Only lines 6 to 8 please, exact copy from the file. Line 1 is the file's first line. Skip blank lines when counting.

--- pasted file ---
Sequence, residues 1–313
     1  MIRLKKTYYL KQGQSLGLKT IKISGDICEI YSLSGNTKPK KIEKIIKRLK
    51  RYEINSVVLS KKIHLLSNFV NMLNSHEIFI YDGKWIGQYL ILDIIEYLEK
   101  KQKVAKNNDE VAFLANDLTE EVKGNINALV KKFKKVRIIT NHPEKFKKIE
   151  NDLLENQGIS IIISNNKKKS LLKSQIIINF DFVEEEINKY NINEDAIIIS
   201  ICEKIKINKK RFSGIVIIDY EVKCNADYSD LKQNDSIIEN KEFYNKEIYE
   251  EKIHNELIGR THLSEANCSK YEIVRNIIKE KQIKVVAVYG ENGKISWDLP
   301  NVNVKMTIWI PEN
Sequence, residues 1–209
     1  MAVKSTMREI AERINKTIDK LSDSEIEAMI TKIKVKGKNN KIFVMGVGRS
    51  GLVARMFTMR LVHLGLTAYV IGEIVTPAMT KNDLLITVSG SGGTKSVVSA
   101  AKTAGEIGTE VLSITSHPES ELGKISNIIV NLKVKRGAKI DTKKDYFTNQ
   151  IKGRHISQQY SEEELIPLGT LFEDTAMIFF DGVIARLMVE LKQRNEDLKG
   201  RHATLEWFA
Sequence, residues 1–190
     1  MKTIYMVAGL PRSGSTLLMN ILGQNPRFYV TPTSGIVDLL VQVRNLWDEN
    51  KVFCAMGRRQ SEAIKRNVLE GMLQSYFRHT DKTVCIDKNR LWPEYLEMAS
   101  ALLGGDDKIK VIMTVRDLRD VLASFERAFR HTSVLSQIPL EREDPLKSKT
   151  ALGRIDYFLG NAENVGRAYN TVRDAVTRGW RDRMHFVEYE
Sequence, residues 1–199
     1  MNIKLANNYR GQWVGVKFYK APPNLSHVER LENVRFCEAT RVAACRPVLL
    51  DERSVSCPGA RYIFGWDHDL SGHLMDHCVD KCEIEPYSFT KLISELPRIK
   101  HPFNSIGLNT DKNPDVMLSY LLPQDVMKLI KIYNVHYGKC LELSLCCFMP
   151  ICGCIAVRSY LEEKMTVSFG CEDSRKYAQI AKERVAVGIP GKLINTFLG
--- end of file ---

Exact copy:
   201  ICEKIKINKK RFSGIVIIDY EVKCNADYSD LKQNDSIIEN KEFYNKEIYE
   251  EKIHNELIGR THLSEANCSK YEIVRNIIKE KQIKVVAVYG ENGKISWDLP
   301  NVNVKMTIWI PEN